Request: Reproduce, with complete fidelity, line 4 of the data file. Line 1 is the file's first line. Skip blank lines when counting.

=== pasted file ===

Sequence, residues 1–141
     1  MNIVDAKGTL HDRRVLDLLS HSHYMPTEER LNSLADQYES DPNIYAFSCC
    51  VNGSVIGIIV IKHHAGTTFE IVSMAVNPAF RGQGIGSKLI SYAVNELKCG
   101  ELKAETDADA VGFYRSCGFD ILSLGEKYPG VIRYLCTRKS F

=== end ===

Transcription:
   101  ELKAETDADA VGFYRSCGFD ILSLGEKYPG VIRYLCTRKS F